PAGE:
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Professional Achievement Group, Inc. | Rockville, MD

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Many selling professionals are of the mindset that it’s inappropriate to ask clients for referrals until after the clients have experienced the outcomes promised by the product or service. Their thinking is that if they deliver the intended outcomes, and do so in an exceptional manner, clients will be more willing to provide a name or two when asked.

Have you ever made a prospecting phone call whose central message sounded something like this?

How good would you say you are at listening to your prospects?

Most selling professionals I talk to rate themselves pretty highly in this area. Yet most, sad to say, fail the Tooth Fairy Test.

 

Most of the sales managers that I encounter participate in ‘need-based’ recruiting for salespeople. When they lose a strong performer, plan to expand geographically, or wish to take a new product or service to market, this is when they begin the recruiting process.

With everything else that goes on during the day, your shouldas become a distant memory - lessons that could have been learned, but were lost instead. Invest 89 cents in a spiral notebook and keep it on the seat of the car. (Alternatively, you can use a visually driven note-taking application, like Pages or NoteBook+ for the iPad.)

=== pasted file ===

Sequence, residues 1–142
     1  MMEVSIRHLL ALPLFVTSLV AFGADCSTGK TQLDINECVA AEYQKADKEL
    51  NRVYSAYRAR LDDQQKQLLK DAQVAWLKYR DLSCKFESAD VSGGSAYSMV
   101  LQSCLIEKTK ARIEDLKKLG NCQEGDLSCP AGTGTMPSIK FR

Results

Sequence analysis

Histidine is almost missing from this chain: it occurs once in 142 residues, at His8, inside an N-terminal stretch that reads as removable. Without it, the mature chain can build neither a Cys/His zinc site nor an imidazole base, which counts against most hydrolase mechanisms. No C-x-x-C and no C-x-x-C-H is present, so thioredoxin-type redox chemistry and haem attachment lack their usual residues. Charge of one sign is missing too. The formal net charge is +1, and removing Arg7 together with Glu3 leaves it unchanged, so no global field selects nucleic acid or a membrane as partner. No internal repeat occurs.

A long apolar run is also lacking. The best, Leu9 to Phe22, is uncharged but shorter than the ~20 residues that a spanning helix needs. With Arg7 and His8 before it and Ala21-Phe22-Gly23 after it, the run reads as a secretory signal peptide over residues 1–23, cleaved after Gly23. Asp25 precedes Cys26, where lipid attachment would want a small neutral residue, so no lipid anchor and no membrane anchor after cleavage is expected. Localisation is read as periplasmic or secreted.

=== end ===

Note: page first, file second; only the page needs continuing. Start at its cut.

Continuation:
With tough competition, many sales professionals are more tempted to offer discounted prices and fees in an attempt to win the business. Have prospects asked you for discounts, promising to give you the business if the discounts are granted?

Run from weak words and feeble phrases. People may forget what they hear, but they will remember what they see. That's why someone once said, "The most effective orator is someone who can make people see with their ears." The well-chosen word has the ability to create a vivid, and unforgettable, mental image.

Prospects often hide the real intent of their questions. Here's an approach for getting the clarity you deserve before you answer.

You’re meeting with a prospect. You’ve asked all the appropriate questions to uncover the prospect’s problem, concerns, desires, goals, and expectations. After fully analyzing the situation, you announce with no hesitation whatsoever, “No problem. I have exactly what you need.”

Has this ever happened to you? You’re in discussion with a prospect about the possibility of working together. The meeting is going well. You’re working your way all through the questions you know you’re supposed to ask at this stage. You’re paying close attention; you’re taking notes. One of the questions you ask strikes a nerve with the person to whom you’re talking.